Paddy Breathnach, UK, 2008, 85 mins
Arielle Kebbel, Sarah Carter, Stephen Dillane, Andrew Lee Potts
Review by Dave Hall
This is a bit of a curiosity; a US-set horror movie, filmed in Northern Ireland with a mix of US, Brit and Irish actors all speaking American, y'all. Like director Breathnach's previous film ‘Shrooms, it's basically a slasher movie with a drug-infused twist, but despite one or two visual flourishes, it mostly follows a disappointingly hackneyed path through some 30-year old genre clichés.
As so often in the slasher film, it's about an outsider, who visits summary justice on those who have wronged/bullied/tormented him - here, it's shuffling, stuttering morgue attendant Kenneth Chisholm (Potts, on nervous twitch overdrive). When he's not taking mobile phone shots of corpses or cutting himself for kicks, our Ken is trying to ingratiate himself with chipmunk-cheeked medical student Catherine (Kebbel). Catherine's fellow trainees are uniformly beastly to this “freakdog” (the film's US title), so when a drink-fuelled prank goes wrong and leaves Kenneth in a coma, guilt-ridden Catherine takes it on herself to inject him with a cocktail of as yet untested drugs. Who knew that this particular brew would enable Kenneth to leave his comatose body and possess those of others, the better to take revenge on his tormentors.
This seems like a fertile horror idea with echoes of both the Denzel Washington vehicle Fallen and A Nightmare on Elm Street, but some wobbly performances from a mostly young cast along with some risible dialogue, particularly in the opening scenes, lets the air out of the balloon early on and the film struggles to recover. Worse for a slasher movie the slayings are mostly pretty dull; surely a whack over the head with a blunt instrument fails the entry test for this kind of thing, yet it's used twice here. The only occasion when there's the promise of something more transgressive is when Kenneth possesses a female nurse who chief bully Sean (Martin Compston) has got the hots for, and lures him into a store room. Just as it seems that Breathnach is going to take things into darker waters, he drops the tension with a thud, and another pointlessly unpleasant murder ensues.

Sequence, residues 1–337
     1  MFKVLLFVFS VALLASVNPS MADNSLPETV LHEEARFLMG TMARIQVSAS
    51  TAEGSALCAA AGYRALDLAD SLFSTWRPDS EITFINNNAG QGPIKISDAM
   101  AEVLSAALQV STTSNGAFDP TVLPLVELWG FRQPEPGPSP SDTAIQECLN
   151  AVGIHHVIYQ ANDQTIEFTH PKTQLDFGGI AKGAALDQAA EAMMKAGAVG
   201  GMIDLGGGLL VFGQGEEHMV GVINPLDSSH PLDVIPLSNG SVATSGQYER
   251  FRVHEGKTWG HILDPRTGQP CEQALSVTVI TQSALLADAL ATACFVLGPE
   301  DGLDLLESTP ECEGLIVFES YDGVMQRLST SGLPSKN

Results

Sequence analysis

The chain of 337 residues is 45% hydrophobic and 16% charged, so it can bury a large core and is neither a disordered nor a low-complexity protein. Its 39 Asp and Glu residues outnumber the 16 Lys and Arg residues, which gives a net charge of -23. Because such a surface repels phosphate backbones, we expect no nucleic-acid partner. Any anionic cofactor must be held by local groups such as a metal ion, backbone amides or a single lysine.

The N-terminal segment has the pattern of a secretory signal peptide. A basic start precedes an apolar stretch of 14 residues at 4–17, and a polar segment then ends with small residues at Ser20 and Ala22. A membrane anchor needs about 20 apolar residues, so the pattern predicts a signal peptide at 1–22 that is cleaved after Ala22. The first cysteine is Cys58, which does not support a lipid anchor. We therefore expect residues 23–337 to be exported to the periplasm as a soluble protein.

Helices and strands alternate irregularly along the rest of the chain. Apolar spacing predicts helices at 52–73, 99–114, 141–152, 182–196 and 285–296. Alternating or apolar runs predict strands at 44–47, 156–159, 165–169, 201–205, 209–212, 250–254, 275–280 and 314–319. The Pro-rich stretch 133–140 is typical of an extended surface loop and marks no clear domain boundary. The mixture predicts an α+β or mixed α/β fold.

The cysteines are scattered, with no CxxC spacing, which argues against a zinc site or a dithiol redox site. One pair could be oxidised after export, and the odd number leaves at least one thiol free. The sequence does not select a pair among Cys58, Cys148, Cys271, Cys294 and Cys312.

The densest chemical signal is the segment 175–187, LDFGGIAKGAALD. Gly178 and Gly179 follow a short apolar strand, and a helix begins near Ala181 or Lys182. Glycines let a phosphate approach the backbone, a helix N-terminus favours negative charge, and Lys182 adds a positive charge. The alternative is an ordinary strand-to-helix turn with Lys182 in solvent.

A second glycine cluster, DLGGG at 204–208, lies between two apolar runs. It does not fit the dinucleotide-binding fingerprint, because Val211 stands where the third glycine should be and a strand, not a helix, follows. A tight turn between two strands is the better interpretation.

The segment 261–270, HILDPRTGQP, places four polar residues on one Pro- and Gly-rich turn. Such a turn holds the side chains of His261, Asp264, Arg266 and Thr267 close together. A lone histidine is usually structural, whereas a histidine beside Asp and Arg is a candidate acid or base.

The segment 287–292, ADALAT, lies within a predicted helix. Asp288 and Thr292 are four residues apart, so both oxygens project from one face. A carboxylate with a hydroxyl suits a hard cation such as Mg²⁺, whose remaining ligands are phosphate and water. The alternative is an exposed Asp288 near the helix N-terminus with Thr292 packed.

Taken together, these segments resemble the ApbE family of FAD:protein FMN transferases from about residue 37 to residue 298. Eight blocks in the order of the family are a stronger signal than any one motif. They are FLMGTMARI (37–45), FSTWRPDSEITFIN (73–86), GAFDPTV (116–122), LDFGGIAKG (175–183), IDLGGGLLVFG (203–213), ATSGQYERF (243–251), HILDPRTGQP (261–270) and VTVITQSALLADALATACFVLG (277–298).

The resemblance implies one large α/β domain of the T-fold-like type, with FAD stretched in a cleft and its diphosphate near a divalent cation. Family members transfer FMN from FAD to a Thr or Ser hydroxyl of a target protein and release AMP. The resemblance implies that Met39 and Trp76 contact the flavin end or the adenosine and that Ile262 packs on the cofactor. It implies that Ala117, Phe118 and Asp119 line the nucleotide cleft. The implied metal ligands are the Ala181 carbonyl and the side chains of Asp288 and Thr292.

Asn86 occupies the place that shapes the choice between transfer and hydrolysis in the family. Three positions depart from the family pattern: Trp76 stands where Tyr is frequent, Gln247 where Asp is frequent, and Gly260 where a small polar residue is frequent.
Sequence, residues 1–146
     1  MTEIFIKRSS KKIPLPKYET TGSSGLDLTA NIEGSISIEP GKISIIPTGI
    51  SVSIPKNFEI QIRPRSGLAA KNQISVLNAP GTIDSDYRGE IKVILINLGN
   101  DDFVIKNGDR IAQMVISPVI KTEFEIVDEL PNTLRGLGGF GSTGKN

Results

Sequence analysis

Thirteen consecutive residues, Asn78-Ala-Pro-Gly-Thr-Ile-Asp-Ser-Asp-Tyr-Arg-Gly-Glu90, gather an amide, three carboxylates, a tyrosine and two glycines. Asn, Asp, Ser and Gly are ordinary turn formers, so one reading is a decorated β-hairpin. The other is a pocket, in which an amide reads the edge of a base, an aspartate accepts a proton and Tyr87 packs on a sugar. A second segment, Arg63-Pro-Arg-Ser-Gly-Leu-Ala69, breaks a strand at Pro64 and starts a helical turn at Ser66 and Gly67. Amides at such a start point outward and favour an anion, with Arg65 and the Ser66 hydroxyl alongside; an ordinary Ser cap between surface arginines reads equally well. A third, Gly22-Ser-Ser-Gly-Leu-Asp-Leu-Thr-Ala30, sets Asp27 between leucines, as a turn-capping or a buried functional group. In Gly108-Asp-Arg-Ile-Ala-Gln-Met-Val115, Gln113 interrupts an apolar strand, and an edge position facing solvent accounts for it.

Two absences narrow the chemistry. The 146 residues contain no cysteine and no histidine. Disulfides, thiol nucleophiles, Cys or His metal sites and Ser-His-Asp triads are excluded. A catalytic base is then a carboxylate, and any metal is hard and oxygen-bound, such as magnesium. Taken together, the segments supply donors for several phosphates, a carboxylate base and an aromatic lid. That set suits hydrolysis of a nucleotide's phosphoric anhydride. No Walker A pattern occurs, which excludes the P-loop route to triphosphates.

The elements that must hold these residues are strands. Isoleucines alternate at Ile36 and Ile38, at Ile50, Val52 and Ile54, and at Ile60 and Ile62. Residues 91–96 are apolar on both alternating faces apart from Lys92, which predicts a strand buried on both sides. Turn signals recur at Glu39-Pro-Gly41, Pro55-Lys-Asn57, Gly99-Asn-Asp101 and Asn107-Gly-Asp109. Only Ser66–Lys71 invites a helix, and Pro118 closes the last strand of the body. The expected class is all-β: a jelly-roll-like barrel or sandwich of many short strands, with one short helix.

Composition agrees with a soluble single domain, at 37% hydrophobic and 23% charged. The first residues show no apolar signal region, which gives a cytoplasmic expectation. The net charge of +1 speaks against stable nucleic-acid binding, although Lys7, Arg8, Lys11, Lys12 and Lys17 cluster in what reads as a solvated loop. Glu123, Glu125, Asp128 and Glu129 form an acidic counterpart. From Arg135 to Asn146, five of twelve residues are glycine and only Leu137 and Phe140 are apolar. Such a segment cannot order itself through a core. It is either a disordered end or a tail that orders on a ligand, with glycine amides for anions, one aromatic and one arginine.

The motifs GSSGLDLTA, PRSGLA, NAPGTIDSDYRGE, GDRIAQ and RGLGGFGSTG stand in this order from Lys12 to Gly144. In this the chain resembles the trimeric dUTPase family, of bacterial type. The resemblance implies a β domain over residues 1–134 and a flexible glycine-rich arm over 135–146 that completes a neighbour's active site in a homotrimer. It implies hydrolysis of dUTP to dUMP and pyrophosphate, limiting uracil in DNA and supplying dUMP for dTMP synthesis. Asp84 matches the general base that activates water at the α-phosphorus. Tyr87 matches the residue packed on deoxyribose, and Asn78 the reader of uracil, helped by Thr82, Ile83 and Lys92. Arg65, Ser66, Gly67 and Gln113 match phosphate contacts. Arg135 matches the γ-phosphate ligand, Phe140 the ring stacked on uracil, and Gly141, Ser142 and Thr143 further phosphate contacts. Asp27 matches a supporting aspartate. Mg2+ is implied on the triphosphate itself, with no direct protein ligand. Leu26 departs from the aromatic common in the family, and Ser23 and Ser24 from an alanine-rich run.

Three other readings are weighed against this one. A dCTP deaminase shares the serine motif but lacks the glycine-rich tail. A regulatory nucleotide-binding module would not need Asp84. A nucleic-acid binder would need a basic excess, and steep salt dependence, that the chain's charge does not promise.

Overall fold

There are some compensations including Stephen Dillane as a coma doctor wound so tight that it's a surprise his eyeballs aren't popping, cartoon-like, out of their sockets, and one disorientating scene in the woods that has the quality of nightmare. But the whole film is patchy with some scenes over too quickly, others going on way too long and many feeling under-rehearsed. There's enough going on to make it likely that Breathnach will get access to a bigger budget next time (the American accents are a bit of a giveaway), but this plays it too safe to get the pulse really racing.